Substitution - Where the product is replaced with a similar substance that doesn't noticeably affect the way it looks or tastes.
Diluting - Similar to adulteration but specific to liquids - another similar, cheaper liquid is added to a more expensive one.
Mislabelling or misrepresentation - Where a product is claimed to be something that it's not. Perhaps it's country of origin, it's level of freshness, or whether or not it’s organic.
Food Fraud and the law
There are different pieces of legislation that are relevant to food safety and hygiene. The Food Act 1990 is the main piece of legislation that provides a framework for all food regulations in England, Scotland & Wales. Under this Act, food organisations must make sure that the food they are selling is of the same quality and substance that customers expect. They must ensure that food is advertised, presented, and labelled to not mislead customers.
The FSA (Food Standards Agency) and NFCU (National Food Crime Unit) help to prevent fraudulent activity. Committing food fraud can result in prosecution, fines, or even jail time.
The FSA defines food crime as 'serious and intentional dishonesty that impacts detrimentally on the safety or authenticity of food, drink, or animal feed.'
The NFCU have recognised 7 ways in which food crime can be committed:
- Misrepresentation - labelling and representing a product to incorrectly portray its quality, origin, or freshness
- Unlawful processing - processing meat (slaughtering or preparing) in unapproved premises or using unlawful techniques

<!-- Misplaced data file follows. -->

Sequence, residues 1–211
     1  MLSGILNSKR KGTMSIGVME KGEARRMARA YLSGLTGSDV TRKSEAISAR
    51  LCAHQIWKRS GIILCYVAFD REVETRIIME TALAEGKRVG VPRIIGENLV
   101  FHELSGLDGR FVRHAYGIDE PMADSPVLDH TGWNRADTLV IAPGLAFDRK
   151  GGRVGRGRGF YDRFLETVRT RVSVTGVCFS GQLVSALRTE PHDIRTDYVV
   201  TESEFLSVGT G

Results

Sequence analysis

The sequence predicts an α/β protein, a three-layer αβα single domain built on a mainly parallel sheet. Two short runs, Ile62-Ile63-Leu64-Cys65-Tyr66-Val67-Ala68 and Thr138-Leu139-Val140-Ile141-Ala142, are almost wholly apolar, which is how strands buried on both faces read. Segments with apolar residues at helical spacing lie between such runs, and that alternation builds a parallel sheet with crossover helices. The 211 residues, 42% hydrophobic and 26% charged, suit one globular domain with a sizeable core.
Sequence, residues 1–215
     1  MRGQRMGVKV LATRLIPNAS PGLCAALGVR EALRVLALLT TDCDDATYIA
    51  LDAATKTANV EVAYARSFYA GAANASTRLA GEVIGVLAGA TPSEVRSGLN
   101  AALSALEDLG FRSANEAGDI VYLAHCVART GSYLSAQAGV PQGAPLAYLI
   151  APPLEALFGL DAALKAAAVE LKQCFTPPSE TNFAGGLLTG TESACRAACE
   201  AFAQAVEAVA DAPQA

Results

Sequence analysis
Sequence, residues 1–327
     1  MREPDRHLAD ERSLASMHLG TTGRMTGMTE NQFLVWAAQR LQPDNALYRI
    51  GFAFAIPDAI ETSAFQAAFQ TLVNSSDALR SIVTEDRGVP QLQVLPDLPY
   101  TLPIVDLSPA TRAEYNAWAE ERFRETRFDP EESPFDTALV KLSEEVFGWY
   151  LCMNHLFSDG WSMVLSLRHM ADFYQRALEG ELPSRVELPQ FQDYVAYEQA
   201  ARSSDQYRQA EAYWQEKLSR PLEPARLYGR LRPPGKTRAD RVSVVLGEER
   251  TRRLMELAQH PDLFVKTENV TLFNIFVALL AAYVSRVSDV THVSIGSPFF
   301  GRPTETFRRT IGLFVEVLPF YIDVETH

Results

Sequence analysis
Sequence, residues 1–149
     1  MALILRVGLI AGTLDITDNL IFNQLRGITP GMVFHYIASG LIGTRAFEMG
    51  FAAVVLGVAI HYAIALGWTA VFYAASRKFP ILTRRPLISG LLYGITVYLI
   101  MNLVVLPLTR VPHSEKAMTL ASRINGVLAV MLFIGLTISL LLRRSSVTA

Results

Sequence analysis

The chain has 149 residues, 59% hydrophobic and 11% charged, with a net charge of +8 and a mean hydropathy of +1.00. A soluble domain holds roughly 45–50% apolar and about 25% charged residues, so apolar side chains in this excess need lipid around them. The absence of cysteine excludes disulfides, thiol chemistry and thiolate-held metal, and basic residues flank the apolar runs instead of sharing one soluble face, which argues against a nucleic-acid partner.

- Theft - dishonestly acquiring food, drink, or feed and profiting from their sale
- Document fraud - making, using, or possessing false documents with the intent to sell, market, or vouch for a substandard product
- Waste diversion - putting food/drink/feed that is intended for waste back into the food chain
- Substitution - replacing an ingredient with another substandard substance
- Adulteration - including a cheaper foreign substance to lower costs or fake a higher quality
Who is responsible for ensuring food crime doesn't happen?
Everyone at any stage of the food chain is responsible for preventing food crime. It can often be difficult to identify food fraud as it is can be similar to the real thing. Those receiving food deliveries are at higher risk of food fraud. Preventative measures can include ensuring that your suppliers are trusted and have control measures in place; those with the responsibility of sourcing food (from all industries) and suppliers should check these factors.
You should carry out research and checks into an organisation before starting a partnership. Just one ingredient in a fraudulent food can lead to fines, prosecution, or jail time.
Food Safety & Hygiene Training
Food fraud is a threat to food safety. Our Food Safety & Hygiene Certification Courses bundle is perfect for anyone who works where food is made, sold, or served. Our training provides a simple and effective solution to your training needs and helps you work towards compliance with legislation. Why not get started with a free trial today?